Your name and email address were configured automatically based on your username and hostname. Please check that they are accurate. You can suppress this message by setting them explicitly:

Setting username and password:

git config --global user.name "Your Name"

git config --global user.email you@example.com

If you want to fix the username and password that were used in the commit, you do it using the --amend parameter:

git commit --amend --author='Your Name <you@example.com>'

Colors

Git can paint its commands’ output in beautiful, easy to read colors, instead of just white:

Isn’t easier on the eyes when the hash has a special color, the commit date has a special color, etc.?

Isn’t easier on the eyes when the hash has a special color, the commit date has a special color, etc.?

The easiest way to make this happen is by using running this configuration in the command line:

git config --global color.ui auto

If you want to further enhance it, you can read this answer on unix.stackexchange.

#git #git installation #basic definitions #git user definitions

Madyson  Reilly

Madyson Reilly

1604109000

Best Practices for Using Git

Git has become ubiquitous as the preferred version control system (VCS) used by developers. Using Git adds immense value especially for engineering teams where several developers work together since it becomes critical to have a system of integrating everyone’s code reliably.

But with every powerful tool, especially one that involves collaboration with others, it is better to establish conventions to follow lest we shoot ourselves in the foot.

At DeepSource, we’ve put together some guiding principles for our own team that make working with a VCS like Git easier. Here are 5 simple rules you can follow:

1. Make Clean, Single-Purpose Commits

Oftentimes programmers working on something get sidetracked into doing too many things when working on one particular thing — like when you are trying to fix one particular bug and you spot another one, and you can’t resist the urge to fix that as well. And another one. Soon, it snowballs and you end up with so many changes all going together in one commit.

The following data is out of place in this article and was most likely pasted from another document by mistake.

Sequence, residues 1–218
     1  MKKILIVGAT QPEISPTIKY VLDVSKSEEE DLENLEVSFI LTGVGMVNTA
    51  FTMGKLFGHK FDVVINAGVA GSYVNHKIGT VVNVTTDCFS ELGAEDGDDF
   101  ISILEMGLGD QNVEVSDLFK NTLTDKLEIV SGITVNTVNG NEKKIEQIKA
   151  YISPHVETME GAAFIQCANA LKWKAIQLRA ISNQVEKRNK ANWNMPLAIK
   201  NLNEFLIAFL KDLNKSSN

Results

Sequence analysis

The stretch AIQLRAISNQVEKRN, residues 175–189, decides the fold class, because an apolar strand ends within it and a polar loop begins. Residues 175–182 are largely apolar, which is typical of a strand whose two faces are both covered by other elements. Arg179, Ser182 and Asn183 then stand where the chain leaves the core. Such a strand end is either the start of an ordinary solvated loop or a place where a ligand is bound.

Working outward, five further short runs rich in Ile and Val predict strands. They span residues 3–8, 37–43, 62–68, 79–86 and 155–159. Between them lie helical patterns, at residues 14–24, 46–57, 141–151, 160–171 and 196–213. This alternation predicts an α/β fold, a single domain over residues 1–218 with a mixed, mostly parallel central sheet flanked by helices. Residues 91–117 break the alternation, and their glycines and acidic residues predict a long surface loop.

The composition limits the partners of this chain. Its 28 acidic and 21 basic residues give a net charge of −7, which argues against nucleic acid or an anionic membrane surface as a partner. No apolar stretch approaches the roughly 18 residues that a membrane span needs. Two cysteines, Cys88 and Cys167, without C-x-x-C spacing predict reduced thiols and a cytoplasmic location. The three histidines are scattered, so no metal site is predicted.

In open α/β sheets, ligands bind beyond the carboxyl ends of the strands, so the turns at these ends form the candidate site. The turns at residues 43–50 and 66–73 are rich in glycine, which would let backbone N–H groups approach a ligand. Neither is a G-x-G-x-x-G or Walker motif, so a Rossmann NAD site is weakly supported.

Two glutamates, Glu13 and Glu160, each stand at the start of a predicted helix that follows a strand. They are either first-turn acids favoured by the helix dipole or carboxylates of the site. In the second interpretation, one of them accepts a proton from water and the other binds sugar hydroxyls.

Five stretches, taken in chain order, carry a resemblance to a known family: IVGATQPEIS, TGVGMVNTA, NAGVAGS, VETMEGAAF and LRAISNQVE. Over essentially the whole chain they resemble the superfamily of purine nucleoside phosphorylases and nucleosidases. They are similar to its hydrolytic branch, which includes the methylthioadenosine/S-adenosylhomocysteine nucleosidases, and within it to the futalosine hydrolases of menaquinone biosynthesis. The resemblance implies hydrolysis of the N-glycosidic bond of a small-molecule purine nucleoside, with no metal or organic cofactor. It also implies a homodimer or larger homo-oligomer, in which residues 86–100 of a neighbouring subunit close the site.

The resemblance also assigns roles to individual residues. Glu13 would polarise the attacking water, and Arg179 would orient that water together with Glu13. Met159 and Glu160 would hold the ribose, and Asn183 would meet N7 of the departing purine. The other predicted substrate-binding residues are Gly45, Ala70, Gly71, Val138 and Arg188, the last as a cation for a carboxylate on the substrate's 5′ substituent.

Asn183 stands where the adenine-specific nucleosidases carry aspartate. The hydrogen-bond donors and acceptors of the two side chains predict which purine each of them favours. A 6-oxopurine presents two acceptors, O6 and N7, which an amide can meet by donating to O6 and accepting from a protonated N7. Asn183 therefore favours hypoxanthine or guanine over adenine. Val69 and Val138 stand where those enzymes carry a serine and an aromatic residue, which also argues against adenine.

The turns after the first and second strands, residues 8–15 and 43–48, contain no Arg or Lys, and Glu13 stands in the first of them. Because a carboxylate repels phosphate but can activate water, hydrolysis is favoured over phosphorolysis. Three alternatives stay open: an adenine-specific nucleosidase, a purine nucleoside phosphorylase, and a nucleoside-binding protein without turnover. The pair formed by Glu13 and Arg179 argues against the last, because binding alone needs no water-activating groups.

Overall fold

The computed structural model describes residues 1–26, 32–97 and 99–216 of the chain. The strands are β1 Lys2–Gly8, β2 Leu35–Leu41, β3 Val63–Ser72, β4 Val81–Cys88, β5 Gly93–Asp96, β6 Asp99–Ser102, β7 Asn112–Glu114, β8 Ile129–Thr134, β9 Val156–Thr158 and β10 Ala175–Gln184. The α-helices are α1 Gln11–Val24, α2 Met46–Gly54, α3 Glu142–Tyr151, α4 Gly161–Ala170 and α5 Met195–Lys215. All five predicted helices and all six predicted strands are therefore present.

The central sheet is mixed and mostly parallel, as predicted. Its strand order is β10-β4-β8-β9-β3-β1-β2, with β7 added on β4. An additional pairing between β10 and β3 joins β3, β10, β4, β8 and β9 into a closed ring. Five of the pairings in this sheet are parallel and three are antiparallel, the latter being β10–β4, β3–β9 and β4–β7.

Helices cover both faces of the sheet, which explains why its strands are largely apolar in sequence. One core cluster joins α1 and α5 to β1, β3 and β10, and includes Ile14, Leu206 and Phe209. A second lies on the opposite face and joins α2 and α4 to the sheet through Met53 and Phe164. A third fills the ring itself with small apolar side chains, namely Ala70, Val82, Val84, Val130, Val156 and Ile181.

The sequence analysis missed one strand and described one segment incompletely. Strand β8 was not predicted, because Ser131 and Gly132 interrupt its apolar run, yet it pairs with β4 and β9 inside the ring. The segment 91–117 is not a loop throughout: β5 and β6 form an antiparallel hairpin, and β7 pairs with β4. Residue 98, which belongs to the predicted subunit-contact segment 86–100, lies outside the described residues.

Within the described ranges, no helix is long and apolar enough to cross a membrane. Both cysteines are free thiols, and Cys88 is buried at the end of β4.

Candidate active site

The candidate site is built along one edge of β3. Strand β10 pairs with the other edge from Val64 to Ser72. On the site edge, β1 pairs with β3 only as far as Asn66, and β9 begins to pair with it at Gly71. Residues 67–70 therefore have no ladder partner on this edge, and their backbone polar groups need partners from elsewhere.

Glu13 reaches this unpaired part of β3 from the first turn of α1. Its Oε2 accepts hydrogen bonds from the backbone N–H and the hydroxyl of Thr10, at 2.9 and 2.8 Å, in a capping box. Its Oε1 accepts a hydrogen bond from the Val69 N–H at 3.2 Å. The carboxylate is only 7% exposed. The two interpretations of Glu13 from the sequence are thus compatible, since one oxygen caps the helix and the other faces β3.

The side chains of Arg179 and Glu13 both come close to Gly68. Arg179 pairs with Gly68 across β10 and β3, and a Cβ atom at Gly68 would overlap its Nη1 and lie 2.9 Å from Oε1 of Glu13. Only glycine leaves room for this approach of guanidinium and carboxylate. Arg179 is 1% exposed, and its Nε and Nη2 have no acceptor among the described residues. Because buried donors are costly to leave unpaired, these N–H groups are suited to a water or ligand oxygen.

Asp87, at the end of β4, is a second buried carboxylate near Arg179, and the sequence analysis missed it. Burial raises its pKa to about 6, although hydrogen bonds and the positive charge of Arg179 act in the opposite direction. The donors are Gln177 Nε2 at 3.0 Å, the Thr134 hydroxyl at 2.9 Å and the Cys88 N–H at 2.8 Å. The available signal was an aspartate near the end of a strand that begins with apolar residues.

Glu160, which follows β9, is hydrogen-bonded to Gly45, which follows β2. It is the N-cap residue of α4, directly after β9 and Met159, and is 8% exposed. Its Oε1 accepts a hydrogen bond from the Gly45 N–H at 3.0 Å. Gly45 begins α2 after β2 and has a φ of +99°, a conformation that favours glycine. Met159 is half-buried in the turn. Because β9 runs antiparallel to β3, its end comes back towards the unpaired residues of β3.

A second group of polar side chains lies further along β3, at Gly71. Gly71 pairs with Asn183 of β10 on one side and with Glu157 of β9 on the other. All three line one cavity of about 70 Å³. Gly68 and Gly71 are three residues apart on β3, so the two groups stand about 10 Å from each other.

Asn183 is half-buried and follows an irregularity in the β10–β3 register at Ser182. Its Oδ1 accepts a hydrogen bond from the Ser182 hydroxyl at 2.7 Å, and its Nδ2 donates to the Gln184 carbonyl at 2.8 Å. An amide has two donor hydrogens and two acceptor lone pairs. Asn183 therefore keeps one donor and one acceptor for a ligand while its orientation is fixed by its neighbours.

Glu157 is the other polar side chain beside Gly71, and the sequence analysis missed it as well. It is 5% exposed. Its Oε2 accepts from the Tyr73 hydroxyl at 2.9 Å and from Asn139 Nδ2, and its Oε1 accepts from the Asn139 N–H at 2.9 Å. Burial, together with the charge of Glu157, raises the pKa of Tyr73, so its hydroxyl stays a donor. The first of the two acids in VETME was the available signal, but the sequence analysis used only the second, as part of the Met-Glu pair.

This is problematic, and it is better to keep commits as small and focused as possible for many reasons, including:

  • It makes it easier for other people in the team to look at your change, making code reviews more efficient.
  • If the commit has to be rolled back completely, it’s far easier to do so.
  • It’s straightforward to track these changes with your ticketing system.

Additionally, it helps you mentally parse changes you’ve made using git log.

#open source #git #git basics #git tools #git best practices #git tutorials #git commit

7 Best Practices in GIT for Your Code Quality

There is no doubt that Git plays a significant role in software development. It allows developers to work on the same code base at the same time. Still, developers struggle for code quality. Why? They fail to follow git best practices. In this post, I will explain seven core best practices of Git and a Bonus Section.

1. Atomic Commit

Committing something to Git means that you have changed your code and want to save these changes as a new trusted version.

Version control systems will not limit you in how you commit your code.

  • You can commit 1000 changes in one single commit.
  • Commit all the dll and other dependencies
  • Or you can check in broken code to your repository.

But is it good? Not quite.

Because you are compromising code quality, and it will take more time to review codeSo overall, team productivity will be reduced. The best practice is to make an atomic commit.

When you do an atomic commit, you’re committing only one change. It might be across multiple files, but it’s one single change.